Vienna is a handbook, a sort of Who Was Who for that city from the last decades of Habsburg rule up to the present. Richard Cockett, a senior editor at The Economist and a historian, makes no concessions to fashion. There are none of the usual pot-boiler themes such as aristocracy, Johann Strauss father and son, the ethno-nationalism of the several minorities, Gemütlichkeit and all the rest of it. Instead, there are many hundreds of names, some of them famous and deserving of a few pages to explain why, some of them known only by those in their field and therefore rating merely a paragraph or two, the whole lot serving the purpose of establishing that Vienna was the city where the modern world was formed. Generalisations come thick and fast.
Bildung, which means self-cultivation (though mostly in the sense of being properly educated), is described here as ‘the central intellectual framework for the Viennese bourgeoisie and the Habsburg monarchy’. In his autobiography, Life and Shape (1962), the architect Richard Neutra describes his elder brothers’ book-filled living quarters. A glass case contained a multi-volume encyclopedia in which, he was told, he could find ‘everything there was to be known in the world’. They also had busts of Mozart and Beethoven, Goethe and Schiller. This quartet, writes Cockett, was ‘held to enshrine through their poetry, prose and music a universal order, secular, rational and liberal’. Similarly, Karl Przibram, a physicist, recalled that the dominant spirit in his parents’ home was ‘that of the educated Jewish bourgeoisie of the liberal era, with its unconditional faith in progress and its open-mindedness for all achievements in art and science’.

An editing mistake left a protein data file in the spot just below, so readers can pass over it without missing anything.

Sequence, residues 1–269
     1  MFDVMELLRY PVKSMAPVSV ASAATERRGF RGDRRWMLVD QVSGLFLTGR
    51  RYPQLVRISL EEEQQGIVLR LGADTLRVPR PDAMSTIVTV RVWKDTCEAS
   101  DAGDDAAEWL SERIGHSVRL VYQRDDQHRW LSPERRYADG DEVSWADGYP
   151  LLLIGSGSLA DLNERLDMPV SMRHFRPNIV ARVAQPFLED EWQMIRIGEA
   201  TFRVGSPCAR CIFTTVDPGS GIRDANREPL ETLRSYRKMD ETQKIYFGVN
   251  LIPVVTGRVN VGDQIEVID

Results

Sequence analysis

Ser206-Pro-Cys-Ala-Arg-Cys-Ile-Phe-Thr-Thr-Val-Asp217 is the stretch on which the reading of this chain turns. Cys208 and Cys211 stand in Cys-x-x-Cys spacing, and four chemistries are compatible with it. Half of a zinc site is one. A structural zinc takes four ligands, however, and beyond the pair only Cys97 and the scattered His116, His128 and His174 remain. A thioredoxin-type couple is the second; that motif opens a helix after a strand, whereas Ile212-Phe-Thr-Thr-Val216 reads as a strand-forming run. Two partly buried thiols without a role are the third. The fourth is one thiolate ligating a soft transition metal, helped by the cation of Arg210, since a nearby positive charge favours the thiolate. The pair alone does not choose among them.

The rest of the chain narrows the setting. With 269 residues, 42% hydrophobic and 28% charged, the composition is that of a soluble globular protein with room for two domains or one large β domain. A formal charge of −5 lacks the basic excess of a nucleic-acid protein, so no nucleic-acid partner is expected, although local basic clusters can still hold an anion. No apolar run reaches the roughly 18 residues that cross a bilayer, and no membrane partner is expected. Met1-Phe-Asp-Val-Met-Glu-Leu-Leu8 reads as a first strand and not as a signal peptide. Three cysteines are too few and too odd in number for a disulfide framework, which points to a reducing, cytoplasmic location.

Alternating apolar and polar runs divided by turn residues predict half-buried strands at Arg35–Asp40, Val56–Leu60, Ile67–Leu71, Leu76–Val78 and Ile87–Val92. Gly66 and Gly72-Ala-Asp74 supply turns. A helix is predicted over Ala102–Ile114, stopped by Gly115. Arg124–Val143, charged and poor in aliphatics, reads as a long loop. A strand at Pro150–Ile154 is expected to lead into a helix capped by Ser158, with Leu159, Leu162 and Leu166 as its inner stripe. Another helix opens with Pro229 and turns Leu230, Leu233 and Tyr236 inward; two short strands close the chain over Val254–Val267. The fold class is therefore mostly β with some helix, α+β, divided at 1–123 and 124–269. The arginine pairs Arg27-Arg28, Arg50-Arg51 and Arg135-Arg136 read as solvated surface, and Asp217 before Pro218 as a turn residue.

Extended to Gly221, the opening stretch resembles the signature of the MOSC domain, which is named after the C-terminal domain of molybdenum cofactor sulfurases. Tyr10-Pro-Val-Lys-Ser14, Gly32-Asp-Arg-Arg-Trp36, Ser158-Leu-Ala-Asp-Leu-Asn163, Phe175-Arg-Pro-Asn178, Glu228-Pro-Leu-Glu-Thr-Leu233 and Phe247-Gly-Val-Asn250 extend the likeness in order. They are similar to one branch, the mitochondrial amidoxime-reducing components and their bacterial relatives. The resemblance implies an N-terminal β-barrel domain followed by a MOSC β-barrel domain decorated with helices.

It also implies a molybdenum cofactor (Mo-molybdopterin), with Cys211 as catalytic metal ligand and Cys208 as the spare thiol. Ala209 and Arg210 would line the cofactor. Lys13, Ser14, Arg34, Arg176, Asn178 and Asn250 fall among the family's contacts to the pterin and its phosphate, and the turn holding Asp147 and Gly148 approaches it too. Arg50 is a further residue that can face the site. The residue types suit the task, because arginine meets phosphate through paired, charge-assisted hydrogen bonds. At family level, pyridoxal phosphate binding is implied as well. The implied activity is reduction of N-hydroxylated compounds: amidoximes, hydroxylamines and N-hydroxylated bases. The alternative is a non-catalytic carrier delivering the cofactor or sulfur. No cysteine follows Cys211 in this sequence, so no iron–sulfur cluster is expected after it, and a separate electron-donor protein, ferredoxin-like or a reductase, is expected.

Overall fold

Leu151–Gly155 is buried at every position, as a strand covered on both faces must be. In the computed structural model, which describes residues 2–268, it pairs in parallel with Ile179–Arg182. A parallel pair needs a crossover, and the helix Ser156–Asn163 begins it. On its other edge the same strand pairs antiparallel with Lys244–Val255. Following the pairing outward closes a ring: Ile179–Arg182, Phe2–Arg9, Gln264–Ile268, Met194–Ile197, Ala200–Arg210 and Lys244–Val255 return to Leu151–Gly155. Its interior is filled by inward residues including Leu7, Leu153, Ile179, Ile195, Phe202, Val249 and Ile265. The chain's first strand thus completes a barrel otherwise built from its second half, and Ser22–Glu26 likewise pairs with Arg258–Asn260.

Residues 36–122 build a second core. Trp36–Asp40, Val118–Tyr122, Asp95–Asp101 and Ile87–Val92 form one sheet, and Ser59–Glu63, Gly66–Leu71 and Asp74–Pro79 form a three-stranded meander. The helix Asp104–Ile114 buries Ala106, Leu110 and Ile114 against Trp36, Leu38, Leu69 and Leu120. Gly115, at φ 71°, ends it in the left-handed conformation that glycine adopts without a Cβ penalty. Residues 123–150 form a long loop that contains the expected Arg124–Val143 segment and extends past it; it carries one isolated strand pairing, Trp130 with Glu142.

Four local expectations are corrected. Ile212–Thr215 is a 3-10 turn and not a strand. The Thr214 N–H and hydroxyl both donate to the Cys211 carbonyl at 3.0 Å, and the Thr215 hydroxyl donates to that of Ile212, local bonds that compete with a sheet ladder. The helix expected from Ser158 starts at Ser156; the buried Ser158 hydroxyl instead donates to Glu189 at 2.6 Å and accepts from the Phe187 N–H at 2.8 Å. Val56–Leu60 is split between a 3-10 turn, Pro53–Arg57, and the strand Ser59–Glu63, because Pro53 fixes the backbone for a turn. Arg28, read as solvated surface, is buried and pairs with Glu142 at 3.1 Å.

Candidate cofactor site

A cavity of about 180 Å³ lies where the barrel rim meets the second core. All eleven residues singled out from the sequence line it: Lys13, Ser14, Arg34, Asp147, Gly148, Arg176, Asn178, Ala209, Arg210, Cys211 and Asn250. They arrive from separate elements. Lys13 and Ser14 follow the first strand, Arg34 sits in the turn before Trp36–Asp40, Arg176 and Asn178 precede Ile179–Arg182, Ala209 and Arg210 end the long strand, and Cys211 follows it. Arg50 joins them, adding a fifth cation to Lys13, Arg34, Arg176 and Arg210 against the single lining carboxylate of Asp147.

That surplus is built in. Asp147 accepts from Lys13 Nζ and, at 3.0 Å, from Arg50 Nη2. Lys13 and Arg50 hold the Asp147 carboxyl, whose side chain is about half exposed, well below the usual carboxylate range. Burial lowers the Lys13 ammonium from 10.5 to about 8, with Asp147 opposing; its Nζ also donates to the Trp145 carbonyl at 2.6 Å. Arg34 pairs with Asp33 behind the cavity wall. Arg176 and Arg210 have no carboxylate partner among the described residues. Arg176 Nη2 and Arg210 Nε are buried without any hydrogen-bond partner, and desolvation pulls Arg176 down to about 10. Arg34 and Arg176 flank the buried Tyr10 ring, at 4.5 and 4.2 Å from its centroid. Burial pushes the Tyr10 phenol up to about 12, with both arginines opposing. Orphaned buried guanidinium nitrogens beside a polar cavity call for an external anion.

Defeat in the First World War and the collapse of the currency put an end to the idealistic notion of Bildung. Far from seeing anything like a universal order, Stefan Zweig described in The World of Yesterday (1943) how when he went into the city he saw ‘in the yellow,